- The Army cannot accurately account for equipment shipped to contractors for repair, limiting the utility of inventory records and the service's knowledge of where equipment is at any given time.
Defense's problems have been decades in the making, and will take years to resolve, Walker said. The scope of the department's operations makes quick fixes impossible. In 2005, for example, Defense recorded $1.3 trillion in assets and $1.9 trillion in liabilities, and reported more than 2.9 million military and civilian employees with a net cost of operations of $635 billion. For the same year, the department received about $525 billion in appropriations, a $110 billion shortfall.
Differences between operating costs and appropriations aren't unusual at Defense, Walker said, and can be attributed to timing differences. "For example, net cost is calculated using an accrual basis of accounting [revenues and expenses are recorded when earned or owed, respectively] whereas appropriations are recorded on a cash basis [revenues and expenses are recorded when cash is received or paid]."
Unusual or not, funding gaps take a toll on the military services and their ability to plan. In July, Pentagon comptroller Tina W. Jonas submitted a request to Congress to reprogram $608 million from Army and Marine Corps procurement and operation and maintenance accounts to cover payroll. While procurement funds were to be restored through supplemental funding, operations and maintenance cuts weren't. Those accounts habitually are hit when the services run short, exacerbating maintenance account shortages. With the services fighting in Iraq and Afghanistan, Army Chief of Staff Gen. Peter Schoomaker repeatedly has warned that such cutbacks can hurt training and readiness.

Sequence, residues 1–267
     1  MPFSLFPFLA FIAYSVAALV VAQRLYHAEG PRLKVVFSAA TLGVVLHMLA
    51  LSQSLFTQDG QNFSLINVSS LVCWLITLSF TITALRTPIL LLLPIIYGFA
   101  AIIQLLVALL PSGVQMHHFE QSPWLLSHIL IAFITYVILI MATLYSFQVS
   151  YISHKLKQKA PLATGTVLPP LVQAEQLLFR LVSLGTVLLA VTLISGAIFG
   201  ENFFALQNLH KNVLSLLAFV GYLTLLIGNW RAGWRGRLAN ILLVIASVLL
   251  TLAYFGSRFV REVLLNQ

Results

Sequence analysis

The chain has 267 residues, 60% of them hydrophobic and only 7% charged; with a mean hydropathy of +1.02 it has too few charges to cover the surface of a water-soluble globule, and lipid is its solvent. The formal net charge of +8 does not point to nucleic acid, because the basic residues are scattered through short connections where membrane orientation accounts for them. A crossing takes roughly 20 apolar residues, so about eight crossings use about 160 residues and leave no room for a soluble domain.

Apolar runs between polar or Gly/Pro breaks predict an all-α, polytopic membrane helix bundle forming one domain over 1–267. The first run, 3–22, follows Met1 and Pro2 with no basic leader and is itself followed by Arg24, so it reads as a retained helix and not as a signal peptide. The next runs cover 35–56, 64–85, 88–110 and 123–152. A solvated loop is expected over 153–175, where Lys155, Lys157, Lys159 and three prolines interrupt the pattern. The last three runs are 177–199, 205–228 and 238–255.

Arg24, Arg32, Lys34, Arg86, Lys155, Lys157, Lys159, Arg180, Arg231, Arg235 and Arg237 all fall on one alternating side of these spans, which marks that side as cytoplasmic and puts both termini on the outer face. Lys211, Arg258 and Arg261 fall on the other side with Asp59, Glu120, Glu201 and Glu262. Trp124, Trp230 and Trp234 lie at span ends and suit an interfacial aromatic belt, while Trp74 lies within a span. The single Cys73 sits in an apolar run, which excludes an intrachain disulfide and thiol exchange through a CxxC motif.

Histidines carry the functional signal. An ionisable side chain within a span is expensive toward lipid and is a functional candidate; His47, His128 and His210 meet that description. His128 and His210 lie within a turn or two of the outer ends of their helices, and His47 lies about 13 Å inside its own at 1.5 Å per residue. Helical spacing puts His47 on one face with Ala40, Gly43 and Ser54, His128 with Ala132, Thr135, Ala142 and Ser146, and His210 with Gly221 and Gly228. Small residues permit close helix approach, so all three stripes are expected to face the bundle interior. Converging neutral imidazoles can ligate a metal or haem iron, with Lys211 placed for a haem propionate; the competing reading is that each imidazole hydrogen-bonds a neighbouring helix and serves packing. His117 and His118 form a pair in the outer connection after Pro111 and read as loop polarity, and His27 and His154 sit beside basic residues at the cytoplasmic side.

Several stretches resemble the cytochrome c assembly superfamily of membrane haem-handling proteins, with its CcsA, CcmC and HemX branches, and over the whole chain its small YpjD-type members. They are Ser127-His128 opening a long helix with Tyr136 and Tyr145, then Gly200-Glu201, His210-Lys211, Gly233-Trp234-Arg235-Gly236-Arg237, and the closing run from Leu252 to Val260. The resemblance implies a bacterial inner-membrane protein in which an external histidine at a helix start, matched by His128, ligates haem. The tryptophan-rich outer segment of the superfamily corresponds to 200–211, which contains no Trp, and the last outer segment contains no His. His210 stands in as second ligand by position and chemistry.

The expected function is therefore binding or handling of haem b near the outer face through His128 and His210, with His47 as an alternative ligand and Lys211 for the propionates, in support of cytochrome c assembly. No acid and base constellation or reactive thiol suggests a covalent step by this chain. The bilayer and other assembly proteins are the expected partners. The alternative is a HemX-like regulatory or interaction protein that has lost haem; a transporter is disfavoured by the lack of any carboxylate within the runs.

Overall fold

Nelson M. Ford, who was awaiting Senate confirmation as the Army's new CFO at press time, told lawmakers in September that the Army must find a way to cover more operating expenses in its base budget, which must realistically reflect the costs of running the Army in wartime.